The founding members of the initial academic team of the Antikythera Mechanism Research Project (AMRP) were astrophysicist Mike Edmunds (Cardiff University, UK), the mathematician and film-maker Tony Freeth (Images First, UK), the astronomer John Seiradakis (University of Thessaloniki, Greece), the astrophysicist Xenophon Moussas (University of Athens, Greece), the physicist and historian of science Yanis Bitsakis (University of Athens, Greece) and the philologist and palaeographer Agamemnon Tselikas (National Bank of Greece Cultural Foundation). The academic team worked closely with the team from the National Archaeological Museum: the chemist Dr. Eleni Magou, the archeologist-museologist Mary Zafeiropoulou, with a number of conservators led by Gerassimos Makris. The Scientific and Technical Collaborators were the Hewlett-Packard Team and the X-Tek Team.
After the first results were published in 2006, the AMRP began an important collaboration with Alexander Jones (Institute for the Study of the Ancient World, New York, USA) and John Steele (Brown University, USA). In 2007, a PhD was established at the University of Thessaloniki. The PhD student Magdalini Anastasiou, was supervised by John Seiradakis, Kyriakos Efstathiou and Stella Drougou. The team is assisted by a number of students and technicians.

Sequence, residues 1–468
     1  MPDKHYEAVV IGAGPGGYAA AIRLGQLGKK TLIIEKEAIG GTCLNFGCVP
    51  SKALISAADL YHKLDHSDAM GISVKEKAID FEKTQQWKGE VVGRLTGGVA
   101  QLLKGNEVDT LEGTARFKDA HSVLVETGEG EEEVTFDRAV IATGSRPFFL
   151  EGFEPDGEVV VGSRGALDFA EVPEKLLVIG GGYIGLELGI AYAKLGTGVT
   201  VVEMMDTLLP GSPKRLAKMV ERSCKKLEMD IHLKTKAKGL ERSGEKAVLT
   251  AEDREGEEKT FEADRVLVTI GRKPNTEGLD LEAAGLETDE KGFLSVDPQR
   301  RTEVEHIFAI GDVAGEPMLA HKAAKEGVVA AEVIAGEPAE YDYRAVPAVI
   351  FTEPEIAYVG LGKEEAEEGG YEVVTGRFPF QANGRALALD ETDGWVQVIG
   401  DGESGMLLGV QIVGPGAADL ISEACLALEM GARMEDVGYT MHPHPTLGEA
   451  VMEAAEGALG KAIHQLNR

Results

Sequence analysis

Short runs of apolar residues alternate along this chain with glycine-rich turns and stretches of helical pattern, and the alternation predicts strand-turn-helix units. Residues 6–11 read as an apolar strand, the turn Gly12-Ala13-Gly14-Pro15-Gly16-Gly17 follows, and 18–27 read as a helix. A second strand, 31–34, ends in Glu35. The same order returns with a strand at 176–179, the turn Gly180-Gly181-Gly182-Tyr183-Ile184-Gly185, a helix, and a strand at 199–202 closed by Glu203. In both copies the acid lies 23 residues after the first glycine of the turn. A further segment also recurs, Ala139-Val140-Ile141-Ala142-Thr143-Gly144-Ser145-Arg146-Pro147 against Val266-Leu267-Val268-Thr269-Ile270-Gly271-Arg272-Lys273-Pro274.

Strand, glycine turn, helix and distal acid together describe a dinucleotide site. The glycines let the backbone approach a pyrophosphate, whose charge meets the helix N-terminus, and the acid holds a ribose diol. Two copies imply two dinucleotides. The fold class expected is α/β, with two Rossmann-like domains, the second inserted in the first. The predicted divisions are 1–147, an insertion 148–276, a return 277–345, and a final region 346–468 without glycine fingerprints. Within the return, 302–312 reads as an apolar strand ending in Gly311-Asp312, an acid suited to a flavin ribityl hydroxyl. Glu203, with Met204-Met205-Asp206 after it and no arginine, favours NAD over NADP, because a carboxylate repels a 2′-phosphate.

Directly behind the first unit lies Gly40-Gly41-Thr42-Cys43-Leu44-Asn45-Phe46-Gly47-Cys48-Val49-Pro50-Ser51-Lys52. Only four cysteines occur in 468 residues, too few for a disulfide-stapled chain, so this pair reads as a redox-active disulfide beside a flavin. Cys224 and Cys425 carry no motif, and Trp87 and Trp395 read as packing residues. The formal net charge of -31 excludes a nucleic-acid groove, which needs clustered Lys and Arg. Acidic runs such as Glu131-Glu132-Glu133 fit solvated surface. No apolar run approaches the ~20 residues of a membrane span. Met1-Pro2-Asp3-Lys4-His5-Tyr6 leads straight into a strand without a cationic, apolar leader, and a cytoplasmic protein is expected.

The results of the AMRP have already aided further research and interpretation, and attracted the attention of scholars in such fields as epigraphy and ancient calendars, ancient science and technology, and, more generally, in the Hellenistic period of the ancient Greek world. AMRP collaborators include Maria Papathanasiou (University of Athens), Elias Gourtsogiannis, Jim Evans and Alan Thorndike (University of Puget Sound, USA) and their collaborator Christián Carman (University of Quilmes, Argentina), with Robert Hannah (University of Waikato, New Zealand), Paul Iversen, and others.